Neural fold closure defect (NTD) is one of the most common birth defects in humans, occurring at an average rate of 1 per 1000 pregnancies. Decreased maternal Mg2+ intake has been associated with an increased risk for NTD, suggesting a key role for Mg2+-permeant ion channels in this essential stage of development. Our research in Xenopus laevis has uncovered important roles for the TRPM6 and TRPM7 ion channels in gastrulation and neural fold closure during embryogenesis. Neural fold closure defects caused by depletion of TRPM7 from Xenopus laevis embryos can be prevented by Mg2+ supplementation or by expression of a Mg2+ transporter, supporting the hypothesis that Mg2+ and the ion channels that conduct this important cation play a critical role during this essential embryonic process. TRPM7 and TRPM6 are known to hetero-oligomerize when heterologously expressed in tissue culture cells, but reports vary as to whether TRPM6 functions by itself as a channel in vivo. Preliminary studies indicate that TRPM6 mRNA expression is upregulated during gastrulation and peaks during neurulation, supporting the hypothesis that the two channels are functioning together to regulate neural fold closure. We propose three specific aims to clarify the function and regulation of these two channels during early development. In the first specific aim, we will employ loss-of-function and gain-of-function experiments in Xenopus laevis to define the role of TRPM6 during development and its connection to the non-canonical Wnt pathway, which has been shown to regulate convergent extension movements during gastrulation and neural fold closure.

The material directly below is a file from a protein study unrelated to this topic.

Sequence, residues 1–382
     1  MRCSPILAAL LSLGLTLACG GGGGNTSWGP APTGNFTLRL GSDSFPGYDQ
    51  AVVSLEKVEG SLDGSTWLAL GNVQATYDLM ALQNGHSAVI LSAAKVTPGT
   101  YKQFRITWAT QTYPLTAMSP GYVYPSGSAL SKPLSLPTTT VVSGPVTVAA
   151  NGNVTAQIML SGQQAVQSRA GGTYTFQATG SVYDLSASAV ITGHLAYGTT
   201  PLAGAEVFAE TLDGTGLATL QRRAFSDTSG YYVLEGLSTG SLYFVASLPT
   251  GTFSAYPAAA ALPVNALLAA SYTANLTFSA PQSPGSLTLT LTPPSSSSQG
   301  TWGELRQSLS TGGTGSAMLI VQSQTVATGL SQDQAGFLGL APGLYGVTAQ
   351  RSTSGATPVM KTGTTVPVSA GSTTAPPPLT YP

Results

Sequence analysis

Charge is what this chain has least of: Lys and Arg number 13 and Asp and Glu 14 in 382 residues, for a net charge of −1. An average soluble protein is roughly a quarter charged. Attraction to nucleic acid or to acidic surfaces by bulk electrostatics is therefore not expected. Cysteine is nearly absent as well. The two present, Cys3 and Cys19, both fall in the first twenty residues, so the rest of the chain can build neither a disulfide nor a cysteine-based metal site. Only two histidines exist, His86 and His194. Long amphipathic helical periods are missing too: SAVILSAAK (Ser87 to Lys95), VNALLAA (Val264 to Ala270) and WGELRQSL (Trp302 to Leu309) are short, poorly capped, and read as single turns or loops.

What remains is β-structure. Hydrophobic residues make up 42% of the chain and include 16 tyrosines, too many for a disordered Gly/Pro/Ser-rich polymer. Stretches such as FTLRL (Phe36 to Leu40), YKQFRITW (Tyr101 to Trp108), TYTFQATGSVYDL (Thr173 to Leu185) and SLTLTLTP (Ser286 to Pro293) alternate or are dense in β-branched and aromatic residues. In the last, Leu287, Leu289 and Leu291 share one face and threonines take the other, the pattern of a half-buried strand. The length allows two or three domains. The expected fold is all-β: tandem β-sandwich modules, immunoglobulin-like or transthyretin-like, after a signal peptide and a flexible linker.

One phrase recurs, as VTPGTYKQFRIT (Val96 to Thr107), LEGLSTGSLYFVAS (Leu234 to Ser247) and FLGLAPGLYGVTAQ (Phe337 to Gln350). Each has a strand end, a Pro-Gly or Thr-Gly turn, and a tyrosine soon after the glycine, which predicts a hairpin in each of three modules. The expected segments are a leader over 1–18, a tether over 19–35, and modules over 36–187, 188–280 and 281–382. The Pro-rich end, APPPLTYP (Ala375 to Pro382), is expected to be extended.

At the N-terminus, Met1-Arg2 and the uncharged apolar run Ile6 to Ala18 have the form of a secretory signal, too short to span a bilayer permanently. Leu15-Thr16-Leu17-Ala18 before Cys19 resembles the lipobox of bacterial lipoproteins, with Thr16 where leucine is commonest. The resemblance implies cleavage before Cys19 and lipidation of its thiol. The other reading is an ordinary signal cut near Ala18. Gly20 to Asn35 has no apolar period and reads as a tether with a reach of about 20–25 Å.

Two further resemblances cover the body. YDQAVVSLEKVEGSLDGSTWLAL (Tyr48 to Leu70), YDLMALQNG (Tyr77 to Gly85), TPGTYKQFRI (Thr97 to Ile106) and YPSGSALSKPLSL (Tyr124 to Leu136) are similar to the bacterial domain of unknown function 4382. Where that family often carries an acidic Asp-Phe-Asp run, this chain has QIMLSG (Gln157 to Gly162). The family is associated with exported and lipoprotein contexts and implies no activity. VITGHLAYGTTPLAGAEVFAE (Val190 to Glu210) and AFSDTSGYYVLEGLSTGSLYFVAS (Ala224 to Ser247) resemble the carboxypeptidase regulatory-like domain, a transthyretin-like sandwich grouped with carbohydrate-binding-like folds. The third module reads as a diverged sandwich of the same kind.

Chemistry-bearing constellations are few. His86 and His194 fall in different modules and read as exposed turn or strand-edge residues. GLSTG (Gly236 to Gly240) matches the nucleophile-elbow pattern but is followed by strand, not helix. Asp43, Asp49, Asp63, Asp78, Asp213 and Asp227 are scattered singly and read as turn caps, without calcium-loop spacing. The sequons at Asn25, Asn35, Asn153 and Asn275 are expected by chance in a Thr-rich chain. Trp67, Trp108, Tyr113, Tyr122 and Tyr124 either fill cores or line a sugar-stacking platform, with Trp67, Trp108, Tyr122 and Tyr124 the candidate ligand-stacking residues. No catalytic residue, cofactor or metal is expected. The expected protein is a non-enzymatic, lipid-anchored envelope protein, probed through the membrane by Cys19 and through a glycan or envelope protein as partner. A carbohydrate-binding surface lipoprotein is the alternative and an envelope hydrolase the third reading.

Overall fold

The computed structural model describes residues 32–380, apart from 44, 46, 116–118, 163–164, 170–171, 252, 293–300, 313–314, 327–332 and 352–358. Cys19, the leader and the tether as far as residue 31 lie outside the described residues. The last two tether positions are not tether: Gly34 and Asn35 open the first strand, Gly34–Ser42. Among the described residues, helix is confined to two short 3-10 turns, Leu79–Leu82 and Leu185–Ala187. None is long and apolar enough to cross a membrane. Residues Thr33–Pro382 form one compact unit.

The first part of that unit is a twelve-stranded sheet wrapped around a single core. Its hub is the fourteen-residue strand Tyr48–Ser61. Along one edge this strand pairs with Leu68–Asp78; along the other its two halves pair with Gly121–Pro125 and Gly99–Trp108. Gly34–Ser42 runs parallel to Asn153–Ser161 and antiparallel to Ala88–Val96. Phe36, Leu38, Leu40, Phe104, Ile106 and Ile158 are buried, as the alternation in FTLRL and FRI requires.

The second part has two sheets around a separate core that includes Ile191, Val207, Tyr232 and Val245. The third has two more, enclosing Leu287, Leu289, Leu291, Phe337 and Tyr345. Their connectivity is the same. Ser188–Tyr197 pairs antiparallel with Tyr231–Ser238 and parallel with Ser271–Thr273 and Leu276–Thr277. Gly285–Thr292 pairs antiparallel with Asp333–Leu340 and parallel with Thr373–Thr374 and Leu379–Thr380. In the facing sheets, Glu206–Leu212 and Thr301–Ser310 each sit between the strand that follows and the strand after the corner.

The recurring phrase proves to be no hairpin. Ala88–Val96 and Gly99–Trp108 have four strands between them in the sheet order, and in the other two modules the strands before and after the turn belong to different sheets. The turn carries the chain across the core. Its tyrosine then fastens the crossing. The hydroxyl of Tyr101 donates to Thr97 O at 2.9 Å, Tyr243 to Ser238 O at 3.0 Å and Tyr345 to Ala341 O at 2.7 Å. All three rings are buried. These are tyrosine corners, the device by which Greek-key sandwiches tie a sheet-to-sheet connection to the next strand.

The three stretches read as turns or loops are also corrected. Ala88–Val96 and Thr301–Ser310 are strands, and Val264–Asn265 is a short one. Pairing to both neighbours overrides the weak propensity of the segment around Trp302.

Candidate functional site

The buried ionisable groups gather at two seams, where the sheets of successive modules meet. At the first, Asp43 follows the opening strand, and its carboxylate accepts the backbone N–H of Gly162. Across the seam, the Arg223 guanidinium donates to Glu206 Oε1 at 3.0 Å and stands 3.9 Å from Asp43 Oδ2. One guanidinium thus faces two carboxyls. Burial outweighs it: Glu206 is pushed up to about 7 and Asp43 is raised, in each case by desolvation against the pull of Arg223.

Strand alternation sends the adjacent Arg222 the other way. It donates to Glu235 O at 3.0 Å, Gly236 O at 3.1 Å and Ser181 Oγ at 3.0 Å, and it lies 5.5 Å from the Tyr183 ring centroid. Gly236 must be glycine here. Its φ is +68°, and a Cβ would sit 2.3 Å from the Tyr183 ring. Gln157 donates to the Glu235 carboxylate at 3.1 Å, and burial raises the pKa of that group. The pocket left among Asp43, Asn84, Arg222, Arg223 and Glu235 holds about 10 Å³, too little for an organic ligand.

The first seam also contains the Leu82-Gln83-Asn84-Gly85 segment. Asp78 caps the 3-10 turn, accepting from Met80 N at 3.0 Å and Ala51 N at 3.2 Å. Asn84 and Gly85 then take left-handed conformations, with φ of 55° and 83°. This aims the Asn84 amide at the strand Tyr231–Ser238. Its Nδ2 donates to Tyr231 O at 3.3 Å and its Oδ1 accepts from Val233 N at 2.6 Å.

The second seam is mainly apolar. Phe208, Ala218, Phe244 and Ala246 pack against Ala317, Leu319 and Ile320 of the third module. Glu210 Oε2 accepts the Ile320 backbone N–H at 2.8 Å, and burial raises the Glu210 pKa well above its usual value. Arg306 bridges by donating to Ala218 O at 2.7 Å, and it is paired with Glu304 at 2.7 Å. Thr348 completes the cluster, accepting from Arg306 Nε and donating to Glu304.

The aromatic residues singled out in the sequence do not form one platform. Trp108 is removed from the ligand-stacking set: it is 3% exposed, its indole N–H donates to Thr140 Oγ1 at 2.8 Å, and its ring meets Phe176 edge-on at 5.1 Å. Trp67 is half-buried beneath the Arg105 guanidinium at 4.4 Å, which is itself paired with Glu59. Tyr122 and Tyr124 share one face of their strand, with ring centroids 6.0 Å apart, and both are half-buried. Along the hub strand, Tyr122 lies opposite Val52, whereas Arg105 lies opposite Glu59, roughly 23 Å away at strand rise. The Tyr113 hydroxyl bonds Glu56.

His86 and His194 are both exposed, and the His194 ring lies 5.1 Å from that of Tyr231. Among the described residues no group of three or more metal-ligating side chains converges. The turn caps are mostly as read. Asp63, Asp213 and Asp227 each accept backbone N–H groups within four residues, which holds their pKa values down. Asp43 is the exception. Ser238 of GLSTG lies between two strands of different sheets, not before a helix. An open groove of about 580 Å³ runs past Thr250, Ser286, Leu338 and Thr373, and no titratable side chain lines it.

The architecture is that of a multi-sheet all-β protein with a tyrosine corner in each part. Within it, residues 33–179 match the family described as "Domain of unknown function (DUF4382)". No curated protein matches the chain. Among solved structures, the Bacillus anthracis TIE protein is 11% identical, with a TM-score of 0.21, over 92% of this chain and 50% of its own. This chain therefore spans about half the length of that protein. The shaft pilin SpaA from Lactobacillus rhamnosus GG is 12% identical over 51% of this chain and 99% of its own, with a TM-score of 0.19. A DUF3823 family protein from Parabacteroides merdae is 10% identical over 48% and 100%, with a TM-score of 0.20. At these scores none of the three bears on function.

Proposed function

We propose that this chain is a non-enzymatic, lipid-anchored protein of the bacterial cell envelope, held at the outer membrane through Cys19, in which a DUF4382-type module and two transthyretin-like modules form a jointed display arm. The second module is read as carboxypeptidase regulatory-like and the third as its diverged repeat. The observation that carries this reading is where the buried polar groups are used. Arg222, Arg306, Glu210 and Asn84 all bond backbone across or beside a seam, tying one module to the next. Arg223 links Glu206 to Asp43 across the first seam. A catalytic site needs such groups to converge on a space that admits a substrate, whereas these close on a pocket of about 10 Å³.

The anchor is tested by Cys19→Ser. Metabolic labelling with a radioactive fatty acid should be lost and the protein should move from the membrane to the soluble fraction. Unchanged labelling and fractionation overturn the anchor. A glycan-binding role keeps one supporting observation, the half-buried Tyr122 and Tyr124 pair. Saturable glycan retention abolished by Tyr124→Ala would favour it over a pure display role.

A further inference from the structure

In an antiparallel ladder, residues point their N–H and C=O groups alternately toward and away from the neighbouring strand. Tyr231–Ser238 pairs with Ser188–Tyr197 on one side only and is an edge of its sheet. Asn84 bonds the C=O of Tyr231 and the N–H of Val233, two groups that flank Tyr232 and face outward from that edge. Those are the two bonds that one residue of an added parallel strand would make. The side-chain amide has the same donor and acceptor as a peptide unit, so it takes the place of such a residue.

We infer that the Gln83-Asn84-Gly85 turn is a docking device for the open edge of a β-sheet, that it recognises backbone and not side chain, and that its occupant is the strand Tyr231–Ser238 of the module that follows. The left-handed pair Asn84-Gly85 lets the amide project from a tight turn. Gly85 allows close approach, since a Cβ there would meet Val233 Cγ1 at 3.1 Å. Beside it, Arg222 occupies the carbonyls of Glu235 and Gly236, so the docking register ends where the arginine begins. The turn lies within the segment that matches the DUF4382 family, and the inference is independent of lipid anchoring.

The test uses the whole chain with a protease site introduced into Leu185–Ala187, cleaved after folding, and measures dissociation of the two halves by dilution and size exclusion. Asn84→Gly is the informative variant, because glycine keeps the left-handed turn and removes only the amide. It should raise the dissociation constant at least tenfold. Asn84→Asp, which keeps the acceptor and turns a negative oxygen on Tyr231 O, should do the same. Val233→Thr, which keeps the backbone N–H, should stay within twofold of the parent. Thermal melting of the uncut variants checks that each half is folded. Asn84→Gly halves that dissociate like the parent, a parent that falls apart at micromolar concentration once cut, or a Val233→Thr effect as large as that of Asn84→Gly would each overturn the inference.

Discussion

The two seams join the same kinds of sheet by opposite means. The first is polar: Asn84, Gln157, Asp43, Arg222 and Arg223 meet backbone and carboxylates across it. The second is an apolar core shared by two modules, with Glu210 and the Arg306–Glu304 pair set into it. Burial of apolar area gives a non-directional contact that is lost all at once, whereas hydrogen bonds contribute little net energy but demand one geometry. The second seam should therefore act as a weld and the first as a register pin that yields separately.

In specific aim 2 we will examine in Xenopus how TRPM6 and TRPM7 and its individual domains may be functioning together to regulate neural fold closure and how these channels may be impacting Mg2+ homeostasis in the developing embryo. Our research will also focus on how TRPM7's control of Mg2+ homeostasis is affecting the migratory behavior of cells.
In specific aim 3 we will investigate the role of 80K-H, a TRPM6- and TRPM7-interacting protein that functions synergistically with TRPM7 during gastrulation and neural fold closure, has in regulating these channels'protein levels, and determine how the Wnt pathway may be impacting this regulation. Collectively, the proposed experiments should greatly advance our understanding how these unique bifunctional channels are functioning in vivo, which could lead to new strategies for preventing neural tube closure defects as well as to new insights for combating the other pathological conditions for which these channels have been associated, including stroke and cancer.
Neural tube defects, such as spina bifida, occur when the neural tube fails to close during embryogenesis and are the second most common birth defect;spina bifida alone affects 166,000 people in the United States with medical costs estimated to be over $70,000 annually for the first 20 years of life. Our research has shown that incubating developing embryos with excess magnesium prevents neural tube defects caused by loss of the TRPM7 ion channel, pointing to critical roles for magnesium and TRPM7 during early development. The proposed research will investigate the functions and regulations of the ion channels TRPM7 and TRPM6 as well as the role of magnesium during embryogenesis, which could help in the development of novel preventive strategies for these devastating birth defects.
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